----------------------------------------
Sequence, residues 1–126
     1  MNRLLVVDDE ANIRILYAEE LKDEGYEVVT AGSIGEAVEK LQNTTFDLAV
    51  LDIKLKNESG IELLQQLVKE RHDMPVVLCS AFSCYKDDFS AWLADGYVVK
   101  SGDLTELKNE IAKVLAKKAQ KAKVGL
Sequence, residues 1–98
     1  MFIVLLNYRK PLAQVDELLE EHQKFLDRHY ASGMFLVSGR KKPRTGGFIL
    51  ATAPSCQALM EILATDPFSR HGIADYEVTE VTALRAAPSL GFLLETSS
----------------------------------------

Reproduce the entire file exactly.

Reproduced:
Sequence, residues 1–126
     1  MNRLLVVDDE ANIRILYAEE LKDEGYEVVT AGSIGEAVEK LQNTTFDLAV
    51  LDIKLKNESG IELLQQLVKE RHDMPVVLCS AFSCYKDDFS AWLADGYVVK
   101  SGDLTELKNE IAKVLAKKAQ KAKVGL
Sequence, residues 1–98
     1  MFIVLLNYRK PLAQVDELLE EHQKFLDRHY ASGMFLVSGR KKPRTGGFIL
    51  ATAPSCQALM EILATDPFSR HGIADYEVTE VTALRAAPSL GFLLETSS